Zika virus more dangerous than previously thought

For months now, the Zika Virus has been a topic of public interest and concern.

The Zika virus originated in the Zika forest, when scientists researching yellow fever placed a monkey in a cage in the forest. The monkey caught a fever that was later revealed to be the Zika virus.

Various cases of Zika virus were reported in Africa and Southeast Asia but they were rare.

In 2007, a major epidemic happened on Yap Island, Micronesia. In the following years, more epidemics occurred in Polynesia, Easter Island, the Cook Islands and New Caledonia.

These cases were initially thought to be dengue fever as the symptoms are similar. However, when serum samples were taken from patients, it was confirmed to contain RNA of Zika virus.

The most recent, largest and most publicized outbreak happened in in April 2015 in Brazil. Healthcare authorities found that what had previously been an unknown disease was confirmed to be an ongoing outbreak of Zika fever.

This outbreak, at the time, affected about 500 patients with flu-like symptoms, followed by rash and joint pain. However, it has since been discovered that not all those infected show symptoms–which could mean the outbreak was larger than originally thought.

The outbreak is thought to have been caused by the recent rise in foreign visitors due to the 2014 FIFA World Cup as well as the large population of mosquito species that carry the disease that live in the region.

The illness is spread by a bite of an infected Aedes species mosquito. Studies suggest the disease can also be sexually transmitted.

The World Health Organization (WHO)  says symptoms include mild fever, skin rash, conjunctivitis (red eyes), muscle and joint pain, malaise or headaches.

The symptoms usually last from two to seven days.

However, not all who have the virus may show these symptoms. It is estimated that about one in four people infected with Zika virus will develop symptoms.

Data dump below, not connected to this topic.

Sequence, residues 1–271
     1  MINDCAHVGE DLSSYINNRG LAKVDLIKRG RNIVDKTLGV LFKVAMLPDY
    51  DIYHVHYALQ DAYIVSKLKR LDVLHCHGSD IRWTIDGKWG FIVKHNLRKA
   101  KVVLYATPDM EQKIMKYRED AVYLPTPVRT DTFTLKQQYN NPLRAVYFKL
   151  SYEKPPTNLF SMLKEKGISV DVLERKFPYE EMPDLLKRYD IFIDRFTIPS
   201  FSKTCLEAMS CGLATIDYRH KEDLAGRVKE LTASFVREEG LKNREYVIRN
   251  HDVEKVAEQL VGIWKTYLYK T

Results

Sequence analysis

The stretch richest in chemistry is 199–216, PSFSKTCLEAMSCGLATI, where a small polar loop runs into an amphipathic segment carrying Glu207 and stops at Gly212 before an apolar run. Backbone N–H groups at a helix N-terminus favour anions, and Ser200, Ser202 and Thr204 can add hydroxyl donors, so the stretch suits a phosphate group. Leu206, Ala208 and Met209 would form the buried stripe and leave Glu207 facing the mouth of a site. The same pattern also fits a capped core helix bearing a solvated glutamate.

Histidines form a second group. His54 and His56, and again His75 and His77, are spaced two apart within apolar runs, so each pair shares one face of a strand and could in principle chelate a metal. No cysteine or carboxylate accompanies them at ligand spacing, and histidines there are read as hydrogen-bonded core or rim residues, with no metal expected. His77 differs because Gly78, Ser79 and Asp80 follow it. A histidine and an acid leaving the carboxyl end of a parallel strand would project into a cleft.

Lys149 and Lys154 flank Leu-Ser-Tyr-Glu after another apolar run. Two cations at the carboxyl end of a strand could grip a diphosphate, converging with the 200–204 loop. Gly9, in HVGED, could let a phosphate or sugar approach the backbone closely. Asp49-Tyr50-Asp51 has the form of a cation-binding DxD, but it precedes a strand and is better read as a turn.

Currently, there is no treatment or vaccine available.

Like chicken pox, once people are infected with Zika virus, they are unlikely to become infected again.

The 2014 FIFA World Cup is not the only large event held in Brazil. With the 2016 Summer Olympics on the horizon, the risk of contracting the virus is now a problem for those attending.

Major league baseball teams have already cancelled their appearances in Brazil because of the outbreak.

But, with so much money funnelled into the making of the Olympic games, as well as the amount of time and effort it would take to move the games with so little time left, it is highly unlikely the Olympics will be moved.

For those who travel to Zika-affected areas, precautions should be taken.

Covering up with long sleeves, long pants and covered shoes is advised as well as utilizing insect repellant on any and all areas of exposed skin.

One should also book accommodations in a fully enclosed area not exposed to the outdoors, or if one is sleeping outdoors (or even if the area they are sleeping in is not fully enclosed), to sleep under a bug net.

After returning from a Zika-affected country, men should use condoms for six months upon their return or abstain from sex entirely.

Women should abstain from sex as well for at least two months.

Even though attending the Olympics may be a once-in-a-lifetime experience, the risk is too great for pregnant attendees.

While the virus does not usually have dangerous effects, it is not the same with pregnant women.  Becoming infected with the virus while pregnant can cause a birth defect in newborn babies called microcephaly, also known as small head syndrome.

Still, the problem does not only affect those who travel to Zika-affected areas. As with the 2014 FIFA World Cup, those who have the virus may pass it on when they return to their homes or travel to other places.